An eye-catching new view of Earth has been caught oncamera by an American spacecraft circling the moon.
The new photo of Earth was taken from a distance of 231,358miles (372,335 km) by NASA's unmanned Lunar Reconnaissance Orbiter during aroutine camera test as the probe orbited around the moon. The black-and-whitesnapshot catches Earth's portrait as it appeared on June 12.
"It wasa beautiful clear summer day over the North Pole, you can see ice covering mostof the Arctic Ocean with a few leads of open water (dark) starting to openup," wrote Mark Robinson, ?principal investigator for the powerful LunarReconnaissance Orbiter Camera (LROC) at Arizona State University, after postingthe photo Thursday.
The photowas taken by the orbiter's narrow angle camera and has a resolution of about nearly2.3 miles (3.7 km) per pixel. At the center of the image is Hong Kong, with muchof the Middle East clearly visible. [Details of the new Earth photo.]
The image isactually a mosaic of photos taken by the lunar camera as it panned across theplanet. One swirling rock formation can be seen running through parts of Iran,Afghanistan and Pakistan, Robinson wrote.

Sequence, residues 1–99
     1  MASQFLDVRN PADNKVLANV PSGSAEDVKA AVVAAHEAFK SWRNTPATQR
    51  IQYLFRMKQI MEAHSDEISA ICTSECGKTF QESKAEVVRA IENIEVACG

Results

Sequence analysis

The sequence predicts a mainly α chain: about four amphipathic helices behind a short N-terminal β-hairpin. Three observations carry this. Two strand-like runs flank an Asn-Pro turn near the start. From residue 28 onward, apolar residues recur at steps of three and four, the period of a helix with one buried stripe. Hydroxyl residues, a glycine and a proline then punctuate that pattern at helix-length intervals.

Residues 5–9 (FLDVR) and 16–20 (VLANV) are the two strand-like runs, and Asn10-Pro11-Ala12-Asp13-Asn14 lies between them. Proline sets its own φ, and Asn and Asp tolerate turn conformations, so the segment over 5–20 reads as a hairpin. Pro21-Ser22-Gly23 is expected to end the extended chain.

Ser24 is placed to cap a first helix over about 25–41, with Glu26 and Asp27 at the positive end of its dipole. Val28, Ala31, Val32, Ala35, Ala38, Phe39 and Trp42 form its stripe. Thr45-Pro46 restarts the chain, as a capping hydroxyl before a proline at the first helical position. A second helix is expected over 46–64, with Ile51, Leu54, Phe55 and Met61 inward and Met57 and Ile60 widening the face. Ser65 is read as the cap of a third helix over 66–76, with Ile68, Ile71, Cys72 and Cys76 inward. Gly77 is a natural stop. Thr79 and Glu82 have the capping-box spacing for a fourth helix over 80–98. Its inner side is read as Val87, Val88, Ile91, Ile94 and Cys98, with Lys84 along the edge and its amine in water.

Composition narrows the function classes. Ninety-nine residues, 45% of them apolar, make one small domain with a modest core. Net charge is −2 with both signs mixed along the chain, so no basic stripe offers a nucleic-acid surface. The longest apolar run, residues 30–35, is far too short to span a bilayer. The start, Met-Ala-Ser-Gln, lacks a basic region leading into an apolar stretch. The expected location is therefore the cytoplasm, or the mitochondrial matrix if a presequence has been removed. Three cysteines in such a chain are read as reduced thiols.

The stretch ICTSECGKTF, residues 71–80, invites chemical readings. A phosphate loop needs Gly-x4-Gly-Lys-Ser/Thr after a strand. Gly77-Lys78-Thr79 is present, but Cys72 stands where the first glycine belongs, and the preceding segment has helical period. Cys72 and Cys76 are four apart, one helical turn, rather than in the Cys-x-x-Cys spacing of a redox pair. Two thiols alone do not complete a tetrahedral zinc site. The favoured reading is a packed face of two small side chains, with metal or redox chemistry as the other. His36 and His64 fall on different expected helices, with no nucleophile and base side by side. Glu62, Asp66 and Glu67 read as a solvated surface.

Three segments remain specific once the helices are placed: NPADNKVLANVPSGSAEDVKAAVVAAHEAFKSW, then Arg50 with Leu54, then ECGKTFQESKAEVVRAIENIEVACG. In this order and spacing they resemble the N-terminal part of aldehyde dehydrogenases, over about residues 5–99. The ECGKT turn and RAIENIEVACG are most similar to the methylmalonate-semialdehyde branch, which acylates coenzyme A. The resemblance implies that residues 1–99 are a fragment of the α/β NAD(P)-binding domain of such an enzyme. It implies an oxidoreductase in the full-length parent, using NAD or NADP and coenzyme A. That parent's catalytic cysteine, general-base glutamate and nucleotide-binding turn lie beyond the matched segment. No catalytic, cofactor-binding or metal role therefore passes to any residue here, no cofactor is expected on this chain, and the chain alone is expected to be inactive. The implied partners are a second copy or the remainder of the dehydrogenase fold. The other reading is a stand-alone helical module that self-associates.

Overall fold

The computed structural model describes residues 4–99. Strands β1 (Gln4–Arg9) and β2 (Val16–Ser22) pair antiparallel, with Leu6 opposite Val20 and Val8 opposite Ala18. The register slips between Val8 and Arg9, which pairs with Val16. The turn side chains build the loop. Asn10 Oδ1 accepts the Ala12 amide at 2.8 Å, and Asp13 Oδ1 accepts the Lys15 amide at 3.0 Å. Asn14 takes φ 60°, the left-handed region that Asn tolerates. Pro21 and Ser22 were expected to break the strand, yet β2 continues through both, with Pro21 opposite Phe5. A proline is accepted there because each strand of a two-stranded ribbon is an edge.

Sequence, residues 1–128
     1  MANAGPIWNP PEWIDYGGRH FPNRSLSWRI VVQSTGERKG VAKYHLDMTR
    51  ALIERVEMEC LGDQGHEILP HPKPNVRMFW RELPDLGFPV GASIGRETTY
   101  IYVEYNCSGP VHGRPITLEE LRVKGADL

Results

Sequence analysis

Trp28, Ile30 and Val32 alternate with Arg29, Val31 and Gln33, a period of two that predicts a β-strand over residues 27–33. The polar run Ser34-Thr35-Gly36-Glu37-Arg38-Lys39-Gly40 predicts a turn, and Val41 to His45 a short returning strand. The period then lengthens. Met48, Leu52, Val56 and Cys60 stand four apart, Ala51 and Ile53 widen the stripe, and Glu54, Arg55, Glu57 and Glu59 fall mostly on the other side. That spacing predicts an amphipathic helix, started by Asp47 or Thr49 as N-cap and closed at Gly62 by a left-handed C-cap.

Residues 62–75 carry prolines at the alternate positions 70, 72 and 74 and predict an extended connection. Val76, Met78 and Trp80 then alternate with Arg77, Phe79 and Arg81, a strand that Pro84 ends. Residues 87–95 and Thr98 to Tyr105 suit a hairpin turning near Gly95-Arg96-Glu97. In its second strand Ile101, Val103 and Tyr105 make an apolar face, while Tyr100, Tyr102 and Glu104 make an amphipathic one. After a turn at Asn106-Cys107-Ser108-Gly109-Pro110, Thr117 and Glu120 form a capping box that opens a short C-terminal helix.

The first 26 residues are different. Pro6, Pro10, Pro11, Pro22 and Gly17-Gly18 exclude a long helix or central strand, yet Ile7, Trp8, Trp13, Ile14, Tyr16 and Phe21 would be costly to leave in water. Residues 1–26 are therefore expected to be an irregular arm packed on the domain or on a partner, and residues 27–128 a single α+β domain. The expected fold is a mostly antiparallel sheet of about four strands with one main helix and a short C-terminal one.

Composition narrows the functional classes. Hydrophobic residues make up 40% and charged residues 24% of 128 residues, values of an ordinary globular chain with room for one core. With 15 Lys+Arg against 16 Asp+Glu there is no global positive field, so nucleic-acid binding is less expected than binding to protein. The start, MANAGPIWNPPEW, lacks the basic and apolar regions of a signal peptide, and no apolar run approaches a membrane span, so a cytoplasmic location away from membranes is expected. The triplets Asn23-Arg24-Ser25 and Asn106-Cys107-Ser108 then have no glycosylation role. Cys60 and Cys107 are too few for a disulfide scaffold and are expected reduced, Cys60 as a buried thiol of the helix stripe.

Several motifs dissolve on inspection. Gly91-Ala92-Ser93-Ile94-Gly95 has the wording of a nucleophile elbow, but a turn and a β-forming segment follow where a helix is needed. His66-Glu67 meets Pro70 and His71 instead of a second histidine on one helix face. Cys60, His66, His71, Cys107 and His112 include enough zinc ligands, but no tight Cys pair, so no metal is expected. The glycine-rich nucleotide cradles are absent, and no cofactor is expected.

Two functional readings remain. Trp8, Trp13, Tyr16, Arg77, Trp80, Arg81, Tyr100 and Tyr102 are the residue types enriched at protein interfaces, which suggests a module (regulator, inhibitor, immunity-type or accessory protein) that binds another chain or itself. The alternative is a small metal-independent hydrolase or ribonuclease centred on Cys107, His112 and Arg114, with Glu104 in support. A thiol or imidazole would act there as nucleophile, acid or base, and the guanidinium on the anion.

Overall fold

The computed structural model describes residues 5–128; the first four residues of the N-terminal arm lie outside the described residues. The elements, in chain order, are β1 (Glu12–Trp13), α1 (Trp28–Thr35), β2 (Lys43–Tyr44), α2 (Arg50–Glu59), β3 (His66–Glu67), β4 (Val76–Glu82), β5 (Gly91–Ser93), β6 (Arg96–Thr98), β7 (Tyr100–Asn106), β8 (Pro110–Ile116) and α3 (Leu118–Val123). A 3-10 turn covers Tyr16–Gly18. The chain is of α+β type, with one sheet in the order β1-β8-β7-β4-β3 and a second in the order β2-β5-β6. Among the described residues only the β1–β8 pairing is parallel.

NASAlaunched the LunarReconnaissance Orbiter in June 2009 to seek out potential landing sites onthe lunar surface for future missions, as well as hunt for signs of water ice. Sofar, the orbiter has found NASA's past Apollo moon landing sites and evidenceof wateron the moon (the latter with the help if its partner probe LCROSS ? whichcrashed into the moon last year while the orbiter watched ? and other probes).
But everynow and then, mission scientists have to point the orbiter's LROC camera systemat the Earth for calibration sessions.
The moon's subtlecolor changes make it a poor target to measure scattered light, Robinsonexplained. The Earth is a bright target against the ultra dark background ofblack space, so any image anomalies caused by scattered light (light reflectingoff internal parts of the camera) are easily measured, he added.
"Fromthe moon, the Earth serves that function well," Robinson wrote.
Thesecalibration sessions allow scientists to fine-tune the Lunar ReconnaissanceOrbiter's seven-color wide angle camera in order to account for scattered lighteffects in its photos. While the wide angle camera is being calibrated, theorbiter's narrow angle camera is free to snap photos of Earthfrom space.
"Imagine standing on the moon looking back at theEarth!" Robinson wrote. "When humans start to live and work on thenearside of the moon, they will have a constant, spectacular view of our homeplanet."
Until then, he added, the people of Earth will have tosettle for photos from robots.
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